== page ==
Alone and Known

The fourth and final stop on my book tour was Amritsar, Punjab. I arrived alone. A friend in Seattle had asked me which part of my book tour I was most looking forward to, and I said without hesitation that it was Amritsar. I said what I have known for years - I love traveling alone in India. Because, to really know India, you must travel alone. India shows itself in all its complexities especially to women who travel alone.

As my book tour progressed, it was as if I was gradually and systematically shedding all that was known. At the Mumbai launch of 'Foreign,' I could spot in the audience my immediate family and dear friends from school, college, work. In Bangalore, I had extended family, former Times of India colleagues, friends from post-graduation and from my early days of marriage and motherhood. In Delhi, I had old friends and a handful of new friends with whom I connected on social media and was delighted to meet for the first time in person.

In Amritsar, I had no one. In the quiet of the hotel room, I felt that familiar feeling of calm, the exhilaration of solitude, the thrill of setting my own agenda and breaking it at will. I felt excitement for the next morning, for heading into the streets of a new town, looking like an outsider, appearing to others as lost, strange, foreign. Many will tell you that India isn't a safe place for women to travel in alone. I have done much of such travel and I am here to tell you otherwise. I have never once had an ugly situation develop when I travel alone in this country. And, no, I haven't traveled just by air and air-conditioned taxi alone. I roamed in small town buses, hitched rides on strangers' motorcycles, walked on foot asking for directions, clambered onto bullock carts. 

All this is not to take away from my outrage and shame at the recent reports of the rapes and murders of tourists and citizens alike in my country. I carry these reports as wounds and sores on my heart. But I want you to know that the contrary is also true, that this is a beautiful land in which a MeeraBai roamed in a trance and a Sonora can unhesitatingly say 'Yes' to an invitation from a library-bookstore in a city that she had lost all hope of ever having a reason to visit.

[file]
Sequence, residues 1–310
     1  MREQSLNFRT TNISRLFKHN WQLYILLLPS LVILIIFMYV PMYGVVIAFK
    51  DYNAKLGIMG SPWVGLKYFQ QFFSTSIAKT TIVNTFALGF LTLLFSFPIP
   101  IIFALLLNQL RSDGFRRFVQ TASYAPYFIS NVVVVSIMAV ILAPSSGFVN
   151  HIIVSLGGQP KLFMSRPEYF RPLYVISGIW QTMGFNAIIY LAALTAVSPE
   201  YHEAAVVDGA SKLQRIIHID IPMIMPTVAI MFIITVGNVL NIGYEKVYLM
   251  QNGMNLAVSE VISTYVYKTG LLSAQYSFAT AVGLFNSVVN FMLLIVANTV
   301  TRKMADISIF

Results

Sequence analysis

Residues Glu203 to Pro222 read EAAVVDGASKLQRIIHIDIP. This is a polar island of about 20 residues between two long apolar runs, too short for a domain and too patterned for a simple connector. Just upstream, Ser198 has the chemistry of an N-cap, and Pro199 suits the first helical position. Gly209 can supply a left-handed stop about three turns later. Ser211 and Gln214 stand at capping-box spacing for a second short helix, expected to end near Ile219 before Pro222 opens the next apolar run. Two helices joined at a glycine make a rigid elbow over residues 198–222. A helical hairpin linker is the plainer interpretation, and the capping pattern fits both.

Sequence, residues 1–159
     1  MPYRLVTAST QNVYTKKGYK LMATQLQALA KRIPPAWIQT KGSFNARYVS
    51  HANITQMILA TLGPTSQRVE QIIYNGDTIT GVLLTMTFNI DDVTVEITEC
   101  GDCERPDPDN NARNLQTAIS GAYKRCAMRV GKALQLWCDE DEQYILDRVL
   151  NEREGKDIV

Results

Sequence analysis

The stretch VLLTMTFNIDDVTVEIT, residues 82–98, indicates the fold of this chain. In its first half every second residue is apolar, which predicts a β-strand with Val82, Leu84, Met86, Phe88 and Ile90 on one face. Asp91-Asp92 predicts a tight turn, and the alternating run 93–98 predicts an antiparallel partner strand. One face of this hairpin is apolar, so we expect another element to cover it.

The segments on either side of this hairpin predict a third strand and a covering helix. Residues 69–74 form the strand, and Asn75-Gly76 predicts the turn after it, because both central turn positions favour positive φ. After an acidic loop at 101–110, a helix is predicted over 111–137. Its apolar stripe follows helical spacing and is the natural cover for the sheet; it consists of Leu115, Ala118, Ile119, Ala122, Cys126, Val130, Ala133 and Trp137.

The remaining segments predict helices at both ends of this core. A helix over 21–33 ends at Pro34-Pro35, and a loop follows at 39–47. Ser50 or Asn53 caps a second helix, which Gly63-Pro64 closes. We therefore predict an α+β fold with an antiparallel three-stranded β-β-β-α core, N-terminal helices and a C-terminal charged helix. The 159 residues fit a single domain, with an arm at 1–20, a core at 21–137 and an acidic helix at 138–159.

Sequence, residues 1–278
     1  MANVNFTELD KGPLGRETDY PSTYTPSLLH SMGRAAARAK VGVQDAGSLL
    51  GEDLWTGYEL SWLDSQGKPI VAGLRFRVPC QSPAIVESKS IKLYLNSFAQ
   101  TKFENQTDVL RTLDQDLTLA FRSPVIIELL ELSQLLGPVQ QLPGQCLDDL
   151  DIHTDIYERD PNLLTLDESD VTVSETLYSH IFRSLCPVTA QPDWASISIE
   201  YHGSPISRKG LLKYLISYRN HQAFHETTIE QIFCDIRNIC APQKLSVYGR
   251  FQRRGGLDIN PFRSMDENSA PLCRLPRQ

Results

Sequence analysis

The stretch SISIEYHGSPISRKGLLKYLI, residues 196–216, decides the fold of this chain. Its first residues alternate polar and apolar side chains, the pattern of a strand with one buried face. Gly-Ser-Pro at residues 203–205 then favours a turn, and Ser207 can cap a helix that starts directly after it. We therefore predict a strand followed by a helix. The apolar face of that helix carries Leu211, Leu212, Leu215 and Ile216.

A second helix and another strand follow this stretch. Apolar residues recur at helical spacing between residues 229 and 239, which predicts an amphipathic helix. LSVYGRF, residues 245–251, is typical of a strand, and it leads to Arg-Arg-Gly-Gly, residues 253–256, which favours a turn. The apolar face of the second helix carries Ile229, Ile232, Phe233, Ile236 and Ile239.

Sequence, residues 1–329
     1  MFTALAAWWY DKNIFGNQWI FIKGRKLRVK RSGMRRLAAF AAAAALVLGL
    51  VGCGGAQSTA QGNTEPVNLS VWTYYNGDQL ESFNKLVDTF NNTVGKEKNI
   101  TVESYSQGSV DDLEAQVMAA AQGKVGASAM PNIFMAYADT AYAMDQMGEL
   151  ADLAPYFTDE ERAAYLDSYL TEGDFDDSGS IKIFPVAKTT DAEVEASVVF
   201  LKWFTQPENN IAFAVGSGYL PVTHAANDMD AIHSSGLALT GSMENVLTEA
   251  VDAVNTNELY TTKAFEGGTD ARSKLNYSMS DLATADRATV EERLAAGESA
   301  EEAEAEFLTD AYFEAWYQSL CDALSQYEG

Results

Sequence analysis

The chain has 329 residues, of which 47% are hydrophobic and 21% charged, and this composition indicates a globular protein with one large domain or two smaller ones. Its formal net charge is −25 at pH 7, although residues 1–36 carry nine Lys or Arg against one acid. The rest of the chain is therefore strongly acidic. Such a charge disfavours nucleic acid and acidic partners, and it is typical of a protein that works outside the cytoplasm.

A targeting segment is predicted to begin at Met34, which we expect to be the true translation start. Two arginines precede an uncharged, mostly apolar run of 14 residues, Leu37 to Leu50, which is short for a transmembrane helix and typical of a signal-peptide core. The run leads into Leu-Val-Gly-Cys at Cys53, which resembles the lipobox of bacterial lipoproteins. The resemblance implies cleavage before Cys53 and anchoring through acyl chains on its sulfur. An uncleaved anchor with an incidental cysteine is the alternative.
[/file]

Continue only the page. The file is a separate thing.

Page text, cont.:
Before I am 'known' at my book event, I head alone into a crowd of unknown people at The Golden Temple in Amritsar.  This is a picture of us reflected in the mirror above our heads.

Before I am 'known' at my book event, I head alone into a crowd of unknown people at The Golden Temple in Amritsar.  This is a picture of us reflected in the mirror above our heads.

When a woman travels alone here, people step up and make themselves known. So, a young woman in Amritsar's Golden Temple unhesitatingly steps up in a crush of crowds to adjust the mandatory head scarf that's fallen to your shoulders, puts her hand in yours and doesn't let it go for the next 45 minutes. So, you fumble around with a language you can't speak and are told that you actually speak it quite well (although this might be because Punjabis are notoriously liberal with their compliments). So, you stand in the middle of a crowded marketplace and get stared at until the stares fall away from boredom. Now, you fit in.

And, lest I forget, you get the unparalleled pleasure of a total stranger walk up to you and say, "What a beautiful book you have written. I know exactly what you meant in that line about...." I hope I am never too cool to blush at that. I hope I am never among so many friends that a stranger cannot take the seat next to mine. I hope I am never so familiar that I am not known.